Since the forecast for the next day wasn’t too bad – 4C in the morning but no rain throughout the day, we decided to do a bigger trek that day. First a big breakfast, that’s how I remembered it (as I actually stayed here once with my parents before as well), one bus to Zakopane and another one to the beginning of the track in Kuznice and we were ready for our big walk up to Kasprowy Wierch. And so were gazillion other people... To be honest it doesn’t really matter when you come to Zakopane, there are always lots of people around. We did choose the busiest weekend, still the crowds were more or less how I remembered it from my previous trips here anyway... Grant was reading some reviews about the places we were going to and came upon quite a few comments that it wasn’t the real trekking as you were surrounded by people everywhere and that you should avoid these places at all costs... Well, if you’re looking for solitude, trekking in the Polish Tatras is definitely not the place for you... Also some trails are obviously more popular than others so if you do choose the popular one, don’t expect to be the only one there... I know I might sound a bit defensive here, but I simply love this place, even with gazillion people around.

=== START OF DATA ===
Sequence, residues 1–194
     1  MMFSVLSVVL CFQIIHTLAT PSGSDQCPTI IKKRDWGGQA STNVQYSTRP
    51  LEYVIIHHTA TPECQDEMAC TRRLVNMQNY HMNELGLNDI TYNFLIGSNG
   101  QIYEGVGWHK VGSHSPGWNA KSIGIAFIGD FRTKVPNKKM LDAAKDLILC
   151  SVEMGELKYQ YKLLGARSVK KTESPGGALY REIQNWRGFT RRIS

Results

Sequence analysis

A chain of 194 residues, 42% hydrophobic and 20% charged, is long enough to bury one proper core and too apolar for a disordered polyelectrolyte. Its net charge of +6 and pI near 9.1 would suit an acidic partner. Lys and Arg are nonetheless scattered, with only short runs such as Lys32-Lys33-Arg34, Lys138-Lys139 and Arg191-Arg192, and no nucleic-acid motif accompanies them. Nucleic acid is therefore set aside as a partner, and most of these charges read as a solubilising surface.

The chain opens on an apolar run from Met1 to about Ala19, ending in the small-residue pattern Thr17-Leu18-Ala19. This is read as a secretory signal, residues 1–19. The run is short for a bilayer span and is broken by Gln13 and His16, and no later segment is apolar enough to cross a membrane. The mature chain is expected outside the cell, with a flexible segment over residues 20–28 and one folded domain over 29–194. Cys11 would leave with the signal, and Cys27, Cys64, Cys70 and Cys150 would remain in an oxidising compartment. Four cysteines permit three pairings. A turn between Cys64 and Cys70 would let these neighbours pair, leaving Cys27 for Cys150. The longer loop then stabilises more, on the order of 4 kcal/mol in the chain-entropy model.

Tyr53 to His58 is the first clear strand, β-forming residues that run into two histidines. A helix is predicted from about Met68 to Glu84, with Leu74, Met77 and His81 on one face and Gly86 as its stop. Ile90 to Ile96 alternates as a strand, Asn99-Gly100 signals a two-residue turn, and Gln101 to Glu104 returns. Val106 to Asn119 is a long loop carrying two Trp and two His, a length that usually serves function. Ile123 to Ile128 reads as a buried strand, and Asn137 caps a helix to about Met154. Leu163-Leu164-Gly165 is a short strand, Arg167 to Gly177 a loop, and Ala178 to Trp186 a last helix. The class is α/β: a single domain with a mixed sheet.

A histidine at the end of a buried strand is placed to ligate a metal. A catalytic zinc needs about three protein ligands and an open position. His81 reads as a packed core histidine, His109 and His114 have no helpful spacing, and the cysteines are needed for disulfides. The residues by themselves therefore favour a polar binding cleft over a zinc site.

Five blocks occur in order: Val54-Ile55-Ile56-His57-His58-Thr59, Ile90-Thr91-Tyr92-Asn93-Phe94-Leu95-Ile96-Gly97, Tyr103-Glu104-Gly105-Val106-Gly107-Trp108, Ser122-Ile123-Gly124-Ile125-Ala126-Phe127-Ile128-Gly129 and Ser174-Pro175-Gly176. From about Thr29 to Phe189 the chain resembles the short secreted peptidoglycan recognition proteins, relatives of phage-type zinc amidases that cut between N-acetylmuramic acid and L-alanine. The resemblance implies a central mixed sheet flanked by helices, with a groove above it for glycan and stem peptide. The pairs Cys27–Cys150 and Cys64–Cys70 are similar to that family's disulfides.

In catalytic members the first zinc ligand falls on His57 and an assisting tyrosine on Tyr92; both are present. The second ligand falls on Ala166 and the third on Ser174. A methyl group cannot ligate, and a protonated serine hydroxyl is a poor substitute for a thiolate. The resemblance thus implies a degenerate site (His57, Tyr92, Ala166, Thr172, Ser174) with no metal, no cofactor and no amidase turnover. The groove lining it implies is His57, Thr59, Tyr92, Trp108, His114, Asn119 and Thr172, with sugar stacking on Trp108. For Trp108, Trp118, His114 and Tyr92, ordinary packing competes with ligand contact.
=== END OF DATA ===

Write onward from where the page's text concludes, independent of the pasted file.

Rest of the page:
I told Grant that there were going to be lots of people around, still I don’t think he was prepared for the actual amounts either... I guess after trekking so much in New Zealand and passing only a few people (if only) a day, it can be a bit overwhelming... He took it with an open mind though and soon after we were moving towards our first stop – Hala Kondratowa. From Kuznice you can just take the green trail up to Kasprowy Wierch directly, but we decided (or rather I decided) to make a bit of a longer walk and go through Hala Kondratowa, Przelecz pod Kopa Kondracka and then to Kasprowy. I did a similar trek with my parents a few years ago and it was stunning, so it sounded like a good introduction of the Tatras to Grant. The first part of the trek was really easy, lovely stroll through the forest and meadows until we finally reached Hala Kondratowa. Every now and then you come across huts where you can rest and get some food and drink and even spend a night if you want to (I would imagine that the bed has to be booked loooong in advance, especially in the high season). For me a quick stop at one of these huts means having a gigantic cup of tea and a piece of cake. What can I say? You simply need all that sugar in you before a trek. The hut at Hala Kondratowa was packed but the queue was going really fast and even though there were hardly any seats around, we found some – besides even if we didn’t, the sun was shining and there was plenty of grass to sit on around. Most of the people go from here through the blue trail to Giewont (our famous Sleeping Knight which can be clearly visible from Zakopane, it has a big cross on its peak). I went once to Giewont and don’t think I’ll be doing that again. The peak is really small, so once a few people get on top, the rest behind them has to wait until they are satisfied with ‘conquering’ it – in the high season it means the last part of the climb is basically standing in the queue and waiting for your turn, loooong queue I might add... Looking at Giewont from surrounding peaks sounds like a much better option.